Saving keystrokes: history repeats itself

In the 1950’s when Office Automation took off, a major concern was to preserve the keystrokes. By then standardization in office equipment across manufacturers was largely absent. Harold S. Levin outlined the situation in his book “Office Work and Automation” (Wiley, 1956): ”At best, initial handling in today’s office is costly, time consuming, and subject to high error rates. It is an area in which we can anticipate a good measure of further technological progress.” He then addressed the origin of information: “The information … has a point of origin … information is ultimately recorded by key depressions on office machines.” He then aired the overriding concern: “It is common for these key strokes to be repeated many times during the handling of a single transaction … for example sales order, invoicing, payment, financial records.”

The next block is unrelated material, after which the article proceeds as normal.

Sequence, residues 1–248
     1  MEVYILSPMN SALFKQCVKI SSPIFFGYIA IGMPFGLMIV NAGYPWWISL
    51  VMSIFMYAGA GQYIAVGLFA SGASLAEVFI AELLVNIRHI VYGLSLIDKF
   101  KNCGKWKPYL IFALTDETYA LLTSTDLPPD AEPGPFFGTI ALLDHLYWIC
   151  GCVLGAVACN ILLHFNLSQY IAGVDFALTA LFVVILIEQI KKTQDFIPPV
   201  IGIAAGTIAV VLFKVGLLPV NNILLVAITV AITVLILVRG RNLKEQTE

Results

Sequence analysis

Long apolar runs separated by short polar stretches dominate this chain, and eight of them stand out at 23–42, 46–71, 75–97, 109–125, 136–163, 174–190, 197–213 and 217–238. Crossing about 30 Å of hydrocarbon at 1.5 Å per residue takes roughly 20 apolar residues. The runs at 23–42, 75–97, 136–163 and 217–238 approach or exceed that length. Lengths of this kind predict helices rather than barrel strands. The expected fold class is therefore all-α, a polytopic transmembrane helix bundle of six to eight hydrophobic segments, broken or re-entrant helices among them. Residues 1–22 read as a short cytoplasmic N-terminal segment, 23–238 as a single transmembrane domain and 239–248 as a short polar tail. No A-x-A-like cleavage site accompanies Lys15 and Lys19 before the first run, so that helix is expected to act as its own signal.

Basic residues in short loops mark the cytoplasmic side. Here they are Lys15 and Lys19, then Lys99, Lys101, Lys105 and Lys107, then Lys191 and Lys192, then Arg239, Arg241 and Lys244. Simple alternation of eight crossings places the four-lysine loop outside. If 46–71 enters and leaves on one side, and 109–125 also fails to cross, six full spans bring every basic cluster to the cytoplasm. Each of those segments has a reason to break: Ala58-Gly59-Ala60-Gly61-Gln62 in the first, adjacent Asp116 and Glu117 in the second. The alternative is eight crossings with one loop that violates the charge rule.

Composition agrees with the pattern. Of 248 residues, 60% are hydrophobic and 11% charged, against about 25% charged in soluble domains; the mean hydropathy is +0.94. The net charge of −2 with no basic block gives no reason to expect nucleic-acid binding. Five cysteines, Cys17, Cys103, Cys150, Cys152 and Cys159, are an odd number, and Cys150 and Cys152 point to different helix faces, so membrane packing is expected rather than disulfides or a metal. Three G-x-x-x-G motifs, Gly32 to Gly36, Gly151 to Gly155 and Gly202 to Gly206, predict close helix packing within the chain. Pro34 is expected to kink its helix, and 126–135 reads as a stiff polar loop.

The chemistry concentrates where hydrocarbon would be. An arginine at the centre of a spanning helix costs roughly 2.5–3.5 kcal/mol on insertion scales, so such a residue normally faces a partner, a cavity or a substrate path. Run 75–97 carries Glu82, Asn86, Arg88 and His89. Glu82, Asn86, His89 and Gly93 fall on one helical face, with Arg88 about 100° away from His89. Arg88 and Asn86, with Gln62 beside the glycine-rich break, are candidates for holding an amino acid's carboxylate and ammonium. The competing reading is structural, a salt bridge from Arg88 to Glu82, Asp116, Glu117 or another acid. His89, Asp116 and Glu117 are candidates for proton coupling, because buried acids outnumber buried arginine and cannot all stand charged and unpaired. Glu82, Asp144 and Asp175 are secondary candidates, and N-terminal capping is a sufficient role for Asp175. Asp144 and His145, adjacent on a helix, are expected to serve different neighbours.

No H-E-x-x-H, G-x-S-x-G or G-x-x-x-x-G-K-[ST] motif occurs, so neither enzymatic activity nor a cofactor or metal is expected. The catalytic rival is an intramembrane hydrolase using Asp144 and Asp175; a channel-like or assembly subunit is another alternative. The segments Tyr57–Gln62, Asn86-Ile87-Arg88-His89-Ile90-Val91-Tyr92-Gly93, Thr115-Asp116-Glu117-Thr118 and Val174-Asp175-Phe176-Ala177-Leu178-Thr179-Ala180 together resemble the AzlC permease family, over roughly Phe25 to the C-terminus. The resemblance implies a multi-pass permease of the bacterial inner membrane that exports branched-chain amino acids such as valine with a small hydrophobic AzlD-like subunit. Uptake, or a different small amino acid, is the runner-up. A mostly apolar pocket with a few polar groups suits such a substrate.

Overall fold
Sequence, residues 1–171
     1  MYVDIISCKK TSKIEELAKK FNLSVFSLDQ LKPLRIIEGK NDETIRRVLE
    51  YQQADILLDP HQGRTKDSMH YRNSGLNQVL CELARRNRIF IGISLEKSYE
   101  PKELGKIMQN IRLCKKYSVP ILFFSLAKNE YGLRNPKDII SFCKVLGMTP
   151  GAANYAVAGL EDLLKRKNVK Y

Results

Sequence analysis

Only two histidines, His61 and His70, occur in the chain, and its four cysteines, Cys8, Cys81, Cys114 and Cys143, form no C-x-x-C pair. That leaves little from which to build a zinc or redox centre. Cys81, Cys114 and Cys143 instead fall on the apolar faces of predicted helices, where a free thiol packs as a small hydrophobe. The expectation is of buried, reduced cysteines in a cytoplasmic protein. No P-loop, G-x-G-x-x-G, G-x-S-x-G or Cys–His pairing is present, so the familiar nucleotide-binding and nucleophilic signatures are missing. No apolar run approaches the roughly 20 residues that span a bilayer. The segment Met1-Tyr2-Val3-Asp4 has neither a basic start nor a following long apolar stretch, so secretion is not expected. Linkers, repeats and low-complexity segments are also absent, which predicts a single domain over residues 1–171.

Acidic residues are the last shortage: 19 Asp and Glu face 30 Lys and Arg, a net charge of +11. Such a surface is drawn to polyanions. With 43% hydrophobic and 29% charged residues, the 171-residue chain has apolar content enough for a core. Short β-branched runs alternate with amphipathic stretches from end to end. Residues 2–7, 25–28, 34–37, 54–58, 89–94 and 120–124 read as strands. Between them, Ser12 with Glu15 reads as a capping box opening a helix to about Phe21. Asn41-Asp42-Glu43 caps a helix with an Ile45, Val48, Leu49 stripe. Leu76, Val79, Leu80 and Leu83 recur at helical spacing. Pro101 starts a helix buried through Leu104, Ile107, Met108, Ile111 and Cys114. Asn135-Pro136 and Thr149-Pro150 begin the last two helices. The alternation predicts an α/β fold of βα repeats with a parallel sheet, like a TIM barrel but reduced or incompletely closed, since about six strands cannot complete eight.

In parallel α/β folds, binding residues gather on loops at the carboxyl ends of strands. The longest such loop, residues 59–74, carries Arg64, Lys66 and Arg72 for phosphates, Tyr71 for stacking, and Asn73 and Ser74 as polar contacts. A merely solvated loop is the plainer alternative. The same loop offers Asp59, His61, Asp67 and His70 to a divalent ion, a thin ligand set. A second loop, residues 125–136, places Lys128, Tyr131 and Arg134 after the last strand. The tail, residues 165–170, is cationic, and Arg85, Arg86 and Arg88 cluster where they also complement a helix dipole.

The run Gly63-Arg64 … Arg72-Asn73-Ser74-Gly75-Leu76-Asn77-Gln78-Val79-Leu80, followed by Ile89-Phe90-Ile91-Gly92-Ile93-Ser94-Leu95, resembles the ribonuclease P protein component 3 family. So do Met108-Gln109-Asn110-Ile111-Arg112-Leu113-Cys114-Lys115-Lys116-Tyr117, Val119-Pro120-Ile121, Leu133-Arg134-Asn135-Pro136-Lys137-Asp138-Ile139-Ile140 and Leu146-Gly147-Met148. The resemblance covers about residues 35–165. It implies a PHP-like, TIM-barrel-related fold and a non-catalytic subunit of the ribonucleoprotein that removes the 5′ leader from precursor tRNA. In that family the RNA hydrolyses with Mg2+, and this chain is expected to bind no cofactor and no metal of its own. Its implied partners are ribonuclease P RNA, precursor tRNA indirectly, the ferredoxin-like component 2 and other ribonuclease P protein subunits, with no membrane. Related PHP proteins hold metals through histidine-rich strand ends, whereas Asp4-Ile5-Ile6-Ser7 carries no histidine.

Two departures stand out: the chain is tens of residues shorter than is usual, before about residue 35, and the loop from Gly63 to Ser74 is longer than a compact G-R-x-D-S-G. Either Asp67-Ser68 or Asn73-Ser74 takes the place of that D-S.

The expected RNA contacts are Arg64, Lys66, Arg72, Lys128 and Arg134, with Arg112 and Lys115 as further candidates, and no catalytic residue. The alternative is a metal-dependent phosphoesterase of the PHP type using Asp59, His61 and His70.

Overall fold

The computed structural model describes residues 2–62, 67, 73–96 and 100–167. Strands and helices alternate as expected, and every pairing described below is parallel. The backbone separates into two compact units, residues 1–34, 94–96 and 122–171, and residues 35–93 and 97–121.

Alas, 55 years later the history repeats itself: The May 31 issue of the Danish “Financial Times” Børsen carries a story about the Danish IT company Boyum IT that markets a front-end to the widespread SAP package. The front end frees the users from keying the same information several times and in addition provides a more human interface.

Read more on Harold S. Levins book in the paper Jørgensen, Anker Helms (2007): A User Interface Issue in 1956: Preserve the Keystrokes in Usable Form. Proc. 7th Danish HCI Symposium, IT University of Copenhagen, Nov. 22, 2007, 19-20.


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